By Sarah Agboola
I remember 2017 like it was yesterday. How could I forget the sheer excitement about finally being able to position myself to work and make an impact in the legal cannabis industry? Name a cannabis seminar or conference, and you would more than likely find me there front and center. Soaking up all the info, building my network, and establishing my brand. Having the opportunity to own and operate a manufacturing and distribution company in the legal market was a dream come true for me. Surely this would be my exit from the hustle and bustle of Corporate America. My introduction to building something of my own that would build generational wealth while serving the community. Holding a license meant I could employ others and do the continuous work to remove the stigma. In many ways, I wanted to correct the wrongs that came with the War on Drugs that targeted communities of people that look just like me.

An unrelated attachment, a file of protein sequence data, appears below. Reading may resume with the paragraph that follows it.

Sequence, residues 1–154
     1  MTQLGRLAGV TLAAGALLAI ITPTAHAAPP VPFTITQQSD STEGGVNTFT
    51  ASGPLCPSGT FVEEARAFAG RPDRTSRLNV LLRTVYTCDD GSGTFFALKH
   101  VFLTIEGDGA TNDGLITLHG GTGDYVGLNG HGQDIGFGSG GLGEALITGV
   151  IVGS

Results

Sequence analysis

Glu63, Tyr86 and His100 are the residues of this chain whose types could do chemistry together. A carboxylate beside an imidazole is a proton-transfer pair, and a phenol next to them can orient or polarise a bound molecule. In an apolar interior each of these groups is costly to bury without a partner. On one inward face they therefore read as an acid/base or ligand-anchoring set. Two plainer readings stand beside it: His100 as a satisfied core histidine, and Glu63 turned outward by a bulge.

I had high hopes of owning and operating my company in the city of Los Angeles. Unfortunately, many of those hopes and dreams were crushed as I navigated the licensing process. I saw the ugly side of backroom deals, predatory partnerships, and complicated licensing and application processes.
This is the story of a Black woman who has sacrificed money, health, and family to build a dream in a thriving industry that still makes it difficult for us to succeed.
This is my story